The sunk cost fallacy is when you make a decision based on the desire NOT to see your past investment go to waste, rather than on the best outcome.
Nowhere else do I see this phenomenon as much as in karate.
I have listened to many karate students and teachers explain to me that they are disenchanted with their current karate practice:
“The application practices are unrealistic.”
“The body movements are mechanical.”
“The teaching style is too militarized.”
Yet when I ask, “Why don’t you quit or switch styles?”, there is always an excuse. Sometimes, they quote loyalty to their instructor or peers.
It’s just the way they’ve always done it.
Denial-san at it’s best!
The real reasoning is they cannot bear the thought that they’ve invested their entire life for a method that is now or always has been worthless.
It’s a security blanket that is worn, tattered and useless!
I’ve also seen long-time students make no meaningful commitment to training, but show up for the last 15 minutes of class once a month, do a kata and leave, while claiming they are still passionate about martial arts. It is obvious their interest has faded and they’d be happier somewhere else.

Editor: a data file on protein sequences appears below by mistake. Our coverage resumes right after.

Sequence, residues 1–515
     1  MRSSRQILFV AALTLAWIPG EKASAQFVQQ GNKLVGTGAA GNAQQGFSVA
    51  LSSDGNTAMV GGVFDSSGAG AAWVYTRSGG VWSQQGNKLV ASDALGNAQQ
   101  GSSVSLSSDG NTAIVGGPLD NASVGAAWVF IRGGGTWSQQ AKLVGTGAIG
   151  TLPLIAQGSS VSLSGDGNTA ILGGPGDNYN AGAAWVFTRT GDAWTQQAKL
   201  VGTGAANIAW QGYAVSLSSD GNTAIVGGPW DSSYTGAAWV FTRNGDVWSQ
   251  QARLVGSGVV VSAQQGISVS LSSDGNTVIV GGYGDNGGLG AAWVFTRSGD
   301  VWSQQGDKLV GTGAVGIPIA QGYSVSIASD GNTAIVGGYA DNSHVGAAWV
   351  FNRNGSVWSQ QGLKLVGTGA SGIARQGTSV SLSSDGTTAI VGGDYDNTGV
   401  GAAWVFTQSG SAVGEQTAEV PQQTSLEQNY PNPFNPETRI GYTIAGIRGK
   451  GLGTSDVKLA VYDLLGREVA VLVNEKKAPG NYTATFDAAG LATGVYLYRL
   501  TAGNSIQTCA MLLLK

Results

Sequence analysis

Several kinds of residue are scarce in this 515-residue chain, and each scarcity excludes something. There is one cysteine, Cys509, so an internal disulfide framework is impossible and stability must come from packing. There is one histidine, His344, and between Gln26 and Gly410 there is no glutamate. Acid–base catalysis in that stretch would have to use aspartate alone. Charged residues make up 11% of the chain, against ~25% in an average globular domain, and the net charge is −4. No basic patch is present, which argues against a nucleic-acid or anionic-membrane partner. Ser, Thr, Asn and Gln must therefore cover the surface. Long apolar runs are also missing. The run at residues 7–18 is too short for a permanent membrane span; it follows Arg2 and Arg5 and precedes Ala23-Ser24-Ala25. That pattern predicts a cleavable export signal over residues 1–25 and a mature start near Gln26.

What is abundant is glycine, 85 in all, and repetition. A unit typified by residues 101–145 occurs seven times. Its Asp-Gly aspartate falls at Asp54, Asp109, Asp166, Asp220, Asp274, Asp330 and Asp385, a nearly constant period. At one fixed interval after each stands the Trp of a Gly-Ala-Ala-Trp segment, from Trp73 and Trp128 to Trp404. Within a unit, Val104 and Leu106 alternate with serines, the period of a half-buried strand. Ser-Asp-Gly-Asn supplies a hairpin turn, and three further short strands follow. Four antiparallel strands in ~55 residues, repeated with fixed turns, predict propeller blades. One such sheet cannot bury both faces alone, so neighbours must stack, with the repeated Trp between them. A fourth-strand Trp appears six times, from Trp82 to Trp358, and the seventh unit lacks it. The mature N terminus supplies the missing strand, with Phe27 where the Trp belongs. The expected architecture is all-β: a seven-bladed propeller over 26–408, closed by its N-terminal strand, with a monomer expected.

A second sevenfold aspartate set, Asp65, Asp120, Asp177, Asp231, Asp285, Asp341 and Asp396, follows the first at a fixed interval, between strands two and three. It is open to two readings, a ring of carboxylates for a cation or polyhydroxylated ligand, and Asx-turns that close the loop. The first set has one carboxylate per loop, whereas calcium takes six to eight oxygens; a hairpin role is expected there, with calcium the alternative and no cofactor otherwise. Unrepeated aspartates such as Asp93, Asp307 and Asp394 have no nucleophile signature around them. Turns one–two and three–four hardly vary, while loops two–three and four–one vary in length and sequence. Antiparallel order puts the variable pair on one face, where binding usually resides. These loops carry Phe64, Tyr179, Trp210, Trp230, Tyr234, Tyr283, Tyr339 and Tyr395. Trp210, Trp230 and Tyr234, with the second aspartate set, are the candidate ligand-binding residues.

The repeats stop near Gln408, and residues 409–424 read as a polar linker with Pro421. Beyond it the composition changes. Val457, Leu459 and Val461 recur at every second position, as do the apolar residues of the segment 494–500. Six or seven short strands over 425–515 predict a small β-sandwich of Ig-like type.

Why do they continue to come to a class when they aren’t getting anything from the class mentally, physically or even socially?
They hold on by their fingernails because they fear that if they completely stop, that all those years of real commitment and work will have been a waste.
As Julia Galif explains, “whatever you have already spent is called the sunk cost. It’s gone no matter what you do going forward.”
The irony is that the desire to not see your past investment go to waste makes you waste even more time clinging to something that you no longer enjoy.
My advice is to not waste any more time pretending martial arts is something you actually want to do. Put yourself in a place you want to be, even if that means leaving the Dojo behind.
For instructors who are disenchanted, find a methodology that truly fits the outcomes you want to achieve. It may mean biting the bullet and starting over again from the beginning, but once you realize you are on the wrong path, the only option is to correct the course you are on.
For the students who have lost interest, your time hasn’t necessarily been wasted. The benefits of pursuing the fighting arts are far and wide and the lessons you’ve learned will always be with you. Remember, it’s better to have loved and left than to have never loved at all.
[…] resistance to cross-training amongst many traditional martial artists, perhaps in part because of sunk-cost fallacy. Only focusing on a single martial art or style is portrayed as a virtue, but the reality is that […]